A mysterious rain of thousands of dead birds darkened New Year's Eve in Arkansas, and this week similar reports streamed in from Louisiana, Sweden, and elsewhere. But the in-air bird deaths aren't due to some apocalyptic plague or insidious experiment—they happen all the time, scientists say. The recent buzz, it seems, was mainly hatched by media hype.
At any given time there are "at least ten billion birds in North America ... and there could be as much as 20 billion—and almost half die each year due to natural causes," said ornithologist Greg Butcher, director of bird conservation for the National Audubon Society in Washington, D.C.
But what causes dead birds to fall from the sky en masse? The Arkansas case points to two common culprits: loud noises and crashes.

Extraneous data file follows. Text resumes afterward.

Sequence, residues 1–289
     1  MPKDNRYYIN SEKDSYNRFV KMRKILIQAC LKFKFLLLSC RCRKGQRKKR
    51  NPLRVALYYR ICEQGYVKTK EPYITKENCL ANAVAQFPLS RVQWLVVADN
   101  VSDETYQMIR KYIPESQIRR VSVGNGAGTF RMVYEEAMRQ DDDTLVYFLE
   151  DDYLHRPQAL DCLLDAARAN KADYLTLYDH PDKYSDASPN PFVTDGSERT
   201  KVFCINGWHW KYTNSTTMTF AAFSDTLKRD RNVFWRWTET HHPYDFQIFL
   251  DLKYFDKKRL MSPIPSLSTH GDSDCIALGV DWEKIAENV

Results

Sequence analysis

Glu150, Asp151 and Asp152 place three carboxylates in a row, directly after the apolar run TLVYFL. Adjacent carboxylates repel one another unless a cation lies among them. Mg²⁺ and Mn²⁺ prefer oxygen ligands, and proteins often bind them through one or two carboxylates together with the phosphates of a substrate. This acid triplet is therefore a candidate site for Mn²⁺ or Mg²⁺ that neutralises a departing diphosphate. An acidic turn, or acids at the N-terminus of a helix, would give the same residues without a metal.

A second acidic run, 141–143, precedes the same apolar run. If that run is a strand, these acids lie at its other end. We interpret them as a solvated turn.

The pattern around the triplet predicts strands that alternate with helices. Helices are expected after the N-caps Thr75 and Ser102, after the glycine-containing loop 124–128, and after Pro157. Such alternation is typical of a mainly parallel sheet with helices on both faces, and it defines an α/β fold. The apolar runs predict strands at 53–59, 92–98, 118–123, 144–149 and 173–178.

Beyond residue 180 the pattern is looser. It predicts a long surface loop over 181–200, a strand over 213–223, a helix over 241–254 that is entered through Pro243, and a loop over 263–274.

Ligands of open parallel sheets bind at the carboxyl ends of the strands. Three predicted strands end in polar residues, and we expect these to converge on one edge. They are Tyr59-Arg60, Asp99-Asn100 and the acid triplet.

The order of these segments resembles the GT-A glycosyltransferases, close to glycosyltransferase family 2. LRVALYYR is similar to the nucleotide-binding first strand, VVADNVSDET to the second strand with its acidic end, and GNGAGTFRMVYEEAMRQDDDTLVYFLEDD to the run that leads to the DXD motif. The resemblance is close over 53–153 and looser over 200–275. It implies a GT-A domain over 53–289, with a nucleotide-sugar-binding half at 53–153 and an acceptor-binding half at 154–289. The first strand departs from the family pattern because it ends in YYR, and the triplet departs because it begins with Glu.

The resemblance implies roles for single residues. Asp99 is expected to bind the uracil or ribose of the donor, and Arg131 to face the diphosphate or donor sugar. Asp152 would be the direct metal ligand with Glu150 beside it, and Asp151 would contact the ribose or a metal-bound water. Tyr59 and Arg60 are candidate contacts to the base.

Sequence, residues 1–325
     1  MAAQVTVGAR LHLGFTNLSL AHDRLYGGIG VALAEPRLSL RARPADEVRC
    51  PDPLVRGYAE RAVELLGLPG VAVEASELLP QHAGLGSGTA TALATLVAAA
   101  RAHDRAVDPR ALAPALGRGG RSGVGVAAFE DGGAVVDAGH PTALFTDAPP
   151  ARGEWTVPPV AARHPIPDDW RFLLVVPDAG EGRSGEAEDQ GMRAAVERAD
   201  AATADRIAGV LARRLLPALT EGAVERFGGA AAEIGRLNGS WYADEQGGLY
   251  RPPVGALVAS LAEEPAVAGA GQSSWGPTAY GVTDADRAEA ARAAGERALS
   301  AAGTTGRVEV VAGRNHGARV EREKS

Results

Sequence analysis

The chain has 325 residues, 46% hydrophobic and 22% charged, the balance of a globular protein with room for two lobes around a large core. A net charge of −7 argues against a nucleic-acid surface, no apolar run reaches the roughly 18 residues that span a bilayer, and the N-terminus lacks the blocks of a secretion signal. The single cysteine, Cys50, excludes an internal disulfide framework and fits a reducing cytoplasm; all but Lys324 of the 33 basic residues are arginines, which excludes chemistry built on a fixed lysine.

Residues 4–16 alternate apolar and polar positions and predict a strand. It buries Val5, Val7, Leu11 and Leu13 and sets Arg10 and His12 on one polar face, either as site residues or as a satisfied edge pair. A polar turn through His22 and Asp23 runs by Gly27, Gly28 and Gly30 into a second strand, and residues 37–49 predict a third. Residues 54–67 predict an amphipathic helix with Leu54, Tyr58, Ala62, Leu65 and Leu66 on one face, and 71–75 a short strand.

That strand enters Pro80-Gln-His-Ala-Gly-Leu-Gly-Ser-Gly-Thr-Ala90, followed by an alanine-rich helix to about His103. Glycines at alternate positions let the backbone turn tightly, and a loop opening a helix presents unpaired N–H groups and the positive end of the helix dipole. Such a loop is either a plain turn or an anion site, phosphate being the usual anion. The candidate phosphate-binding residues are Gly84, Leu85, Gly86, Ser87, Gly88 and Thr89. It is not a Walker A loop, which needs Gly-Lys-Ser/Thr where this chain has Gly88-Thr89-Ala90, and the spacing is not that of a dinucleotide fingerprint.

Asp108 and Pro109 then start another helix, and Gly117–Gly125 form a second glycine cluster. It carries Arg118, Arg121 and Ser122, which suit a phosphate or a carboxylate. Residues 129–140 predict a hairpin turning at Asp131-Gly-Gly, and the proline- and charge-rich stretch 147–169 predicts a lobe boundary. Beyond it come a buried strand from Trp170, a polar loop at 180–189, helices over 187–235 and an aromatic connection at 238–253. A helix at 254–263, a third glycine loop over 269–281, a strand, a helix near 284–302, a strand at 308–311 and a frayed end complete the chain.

"Right before they began to fall, it appears that really loud booms from professional-grade fireworks—10 to 12 of them, a few seconds apart—were reported in the general vicinity of a roost of the birds, flushing them out," Rowe said.
"There were other, legal fireworks set off at the same time that might have then forced the birds to fly lower than they normally do, below treetop level, and [these] birds have very poor night vision and do not typically fly at night."
So the firecracker is the murderer of birds???